The BRITs, which puts a spotlight on the UK music industry every year, embraces inclusivity as it goes gender-neutral with award categories for its 2022 show.
The BRITs confirmed on Nov. 22 that its 2022 show will move away from the “Female” and “Male” categories, and will introduce new gender-neutral awards: Artist of the Year and International Artist of the Year.
Since the BRITs started in 1977, it gave awards with gendered categories, including the most recent Male and Female Solo Artists, and International Female and Male Solo Artists.
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In a statement, the award-giving body said the move was to celebrate artists “solely for their music and work, rather than how they choose to identify or as others may see them, as part of the BRITs’ commitment to evolving the show to be as inclusive and as relevant as possible.”
For years, artists have called for more inclusive BRITs award, including Sam Smith who identifies as non-binary and uses pronouns they/them. Smith, whose album “Love Goes” reached No. 2 in the UK charts, felt unable to enter the gender-based categories in this year’s awards.
In response to the controversy, Smith posted on social media in March, “Music for me has always been about unification, not division. I look forward to a time where awards shows can be reflective of the society we live in. Let’s celebrate everybody, regardless of gender, race, age, ability, sexuality and class.”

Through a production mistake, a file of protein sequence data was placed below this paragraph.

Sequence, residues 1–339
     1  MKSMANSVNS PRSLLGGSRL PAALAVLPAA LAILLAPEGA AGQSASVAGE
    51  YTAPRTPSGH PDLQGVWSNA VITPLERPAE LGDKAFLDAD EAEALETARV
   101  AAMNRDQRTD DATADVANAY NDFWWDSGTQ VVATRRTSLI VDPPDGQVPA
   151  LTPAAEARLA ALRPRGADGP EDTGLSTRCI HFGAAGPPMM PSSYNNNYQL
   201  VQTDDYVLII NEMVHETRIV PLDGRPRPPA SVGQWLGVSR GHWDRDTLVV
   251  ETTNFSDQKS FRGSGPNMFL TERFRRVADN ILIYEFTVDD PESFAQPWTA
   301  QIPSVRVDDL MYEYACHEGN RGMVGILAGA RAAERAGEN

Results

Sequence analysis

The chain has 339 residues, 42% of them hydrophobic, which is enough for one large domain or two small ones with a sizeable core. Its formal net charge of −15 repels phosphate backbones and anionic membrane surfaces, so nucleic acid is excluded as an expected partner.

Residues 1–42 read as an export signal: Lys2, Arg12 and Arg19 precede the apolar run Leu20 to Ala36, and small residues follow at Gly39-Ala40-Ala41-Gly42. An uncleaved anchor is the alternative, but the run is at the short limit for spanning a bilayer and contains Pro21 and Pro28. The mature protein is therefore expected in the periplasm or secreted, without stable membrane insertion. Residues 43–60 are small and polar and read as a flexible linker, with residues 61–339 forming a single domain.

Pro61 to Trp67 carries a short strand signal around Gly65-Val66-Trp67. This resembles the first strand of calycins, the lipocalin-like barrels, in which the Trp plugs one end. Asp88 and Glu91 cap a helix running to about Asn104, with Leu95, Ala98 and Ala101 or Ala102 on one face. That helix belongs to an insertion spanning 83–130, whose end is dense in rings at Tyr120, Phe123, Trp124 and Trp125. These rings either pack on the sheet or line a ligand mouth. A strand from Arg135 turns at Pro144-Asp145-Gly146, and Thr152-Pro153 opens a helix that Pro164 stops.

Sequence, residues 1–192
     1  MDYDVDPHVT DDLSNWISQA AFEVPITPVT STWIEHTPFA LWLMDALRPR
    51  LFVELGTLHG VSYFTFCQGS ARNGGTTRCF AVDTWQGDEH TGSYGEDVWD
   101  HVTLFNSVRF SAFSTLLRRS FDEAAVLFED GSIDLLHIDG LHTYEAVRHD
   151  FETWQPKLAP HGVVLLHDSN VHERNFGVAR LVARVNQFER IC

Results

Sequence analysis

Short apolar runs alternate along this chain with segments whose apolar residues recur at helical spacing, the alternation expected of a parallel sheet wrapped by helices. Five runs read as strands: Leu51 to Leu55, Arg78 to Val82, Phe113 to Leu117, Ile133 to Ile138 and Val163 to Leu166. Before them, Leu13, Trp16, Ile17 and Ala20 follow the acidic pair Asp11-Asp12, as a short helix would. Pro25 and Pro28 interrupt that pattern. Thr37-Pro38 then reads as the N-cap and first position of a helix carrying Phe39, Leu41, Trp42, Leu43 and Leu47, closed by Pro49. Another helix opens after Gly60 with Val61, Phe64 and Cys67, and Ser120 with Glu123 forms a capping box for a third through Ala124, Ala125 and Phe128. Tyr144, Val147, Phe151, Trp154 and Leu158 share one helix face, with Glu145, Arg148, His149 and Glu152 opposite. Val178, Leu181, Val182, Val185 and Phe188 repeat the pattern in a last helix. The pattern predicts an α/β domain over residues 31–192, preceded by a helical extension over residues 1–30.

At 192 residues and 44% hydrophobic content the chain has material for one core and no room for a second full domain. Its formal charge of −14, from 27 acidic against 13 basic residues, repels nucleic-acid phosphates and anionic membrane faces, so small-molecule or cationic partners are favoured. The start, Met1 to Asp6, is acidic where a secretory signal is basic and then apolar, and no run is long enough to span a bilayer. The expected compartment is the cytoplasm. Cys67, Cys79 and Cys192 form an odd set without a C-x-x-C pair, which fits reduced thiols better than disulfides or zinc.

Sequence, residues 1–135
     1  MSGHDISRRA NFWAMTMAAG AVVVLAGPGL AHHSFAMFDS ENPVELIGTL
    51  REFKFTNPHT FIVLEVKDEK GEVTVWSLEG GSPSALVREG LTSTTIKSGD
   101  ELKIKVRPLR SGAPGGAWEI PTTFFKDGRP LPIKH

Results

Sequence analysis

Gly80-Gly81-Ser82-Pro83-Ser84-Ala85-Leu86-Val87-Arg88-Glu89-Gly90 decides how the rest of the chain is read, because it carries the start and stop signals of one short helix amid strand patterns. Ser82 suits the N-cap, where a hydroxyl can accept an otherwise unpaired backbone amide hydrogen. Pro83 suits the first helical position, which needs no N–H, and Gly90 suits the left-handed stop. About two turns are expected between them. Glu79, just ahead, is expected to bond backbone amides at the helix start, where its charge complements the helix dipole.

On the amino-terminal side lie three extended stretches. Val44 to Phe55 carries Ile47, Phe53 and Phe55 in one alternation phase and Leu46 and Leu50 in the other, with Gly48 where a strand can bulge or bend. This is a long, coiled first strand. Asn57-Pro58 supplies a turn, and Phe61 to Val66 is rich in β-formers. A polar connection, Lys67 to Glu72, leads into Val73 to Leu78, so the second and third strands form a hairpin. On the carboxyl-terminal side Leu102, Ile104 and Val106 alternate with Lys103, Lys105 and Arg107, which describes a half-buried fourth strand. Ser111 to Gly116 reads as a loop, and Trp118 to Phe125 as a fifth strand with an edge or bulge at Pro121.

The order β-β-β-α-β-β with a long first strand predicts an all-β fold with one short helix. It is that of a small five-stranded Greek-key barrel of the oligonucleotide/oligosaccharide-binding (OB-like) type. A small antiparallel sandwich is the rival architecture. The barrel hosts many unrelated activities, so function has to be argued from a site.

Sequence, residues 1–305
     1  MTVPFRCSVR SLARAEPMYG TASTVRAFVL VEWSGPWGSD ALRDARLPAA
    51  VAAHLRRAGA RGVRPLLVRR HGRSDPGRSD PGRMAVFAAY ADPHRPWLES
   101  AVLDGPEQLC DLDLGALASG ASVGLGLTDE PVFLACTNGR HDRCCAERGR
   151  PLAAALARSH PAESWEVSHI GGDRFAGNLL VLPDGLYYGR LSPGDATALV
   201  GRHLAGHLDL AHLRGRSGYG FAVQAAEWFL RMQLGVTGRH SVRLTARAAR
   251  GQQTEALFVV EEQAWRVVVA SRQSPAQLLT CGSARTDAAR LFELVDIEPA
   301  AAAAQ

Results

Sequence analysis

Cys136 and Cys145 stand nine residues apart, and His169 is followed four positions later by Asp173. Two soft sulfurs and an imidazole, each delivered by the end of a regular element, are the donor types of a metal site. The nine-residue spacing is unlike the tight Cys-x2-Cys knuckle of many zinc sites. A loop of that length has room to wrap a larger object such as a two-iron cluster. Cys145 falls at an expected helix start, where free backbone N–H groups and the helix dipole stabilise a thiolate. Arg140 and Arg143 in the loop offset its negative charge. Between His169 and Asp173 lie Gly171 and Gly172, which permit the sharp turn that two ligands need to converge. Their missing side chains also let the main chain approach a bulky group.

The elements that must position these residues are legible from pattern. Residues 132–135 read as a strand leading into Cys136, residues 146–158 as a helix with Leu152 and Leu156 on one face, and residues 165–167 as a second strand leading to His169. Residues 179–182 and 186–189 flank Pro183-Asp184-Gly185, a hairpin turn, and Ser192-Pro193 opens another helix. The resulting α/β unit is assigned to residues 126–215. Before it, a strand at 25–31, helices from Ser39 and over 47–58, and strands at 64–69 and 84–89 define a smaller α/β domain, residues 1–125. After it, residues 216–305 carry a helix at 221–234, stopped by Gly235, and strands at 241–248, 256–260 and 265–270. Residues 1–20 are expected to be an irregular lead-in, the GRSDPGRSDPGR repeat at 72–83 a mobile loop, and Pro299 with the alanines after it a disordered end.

On the changes in the 2022 show, BRIT chair and Polydor Records co-president Tom March said in a statement, “It is important that The BRITs continue to evolve and aim to be as inclusive as possible. It feels completely the right time to celebrate the achievements of artists for the music that they create, and the work that they do, irrespective of gender.”
With these changes, Dua Lipa and J Hus, who won Best Female and Male Solo Artists respectively, and Billie Eilish and The Weeknd for International Female and Male Solo Artists, will go down in history as the last winners of the gendered categories.
However, not everyone welcomed the changes.
British TV host Piers Morgan lambasted the BRITs on Twitter for its decision to forgo gendered award categories.
“What a load of woke garbage,” Morgan tweeted with the link to a Daily Mail article. “Won’t be long before it’s illegal to call yourself a man or woman.”
Meanwhile, UK Culture Secretary Nadine Dorries described the move of the BRITs as a “sad decision,” pointing out that scrapping of the gendered categories will lead to female artists not being represented fairly.
After she was told that the change was made to accommodate non-binary musicians in the categories, she said, “If you wanted to look at who used to win awards for novels and many things in the past, men always dominated, and my concern would be that women were not fairly represented moving forward. So I would just be concerned on the gender balance issue.
But among those who have let go of gendered categories is the Grammy Awards, which made an overhaul of its awards categories in 2012 where male and female categories were merged for best pop vocal, country vocal and R&B vocal performances.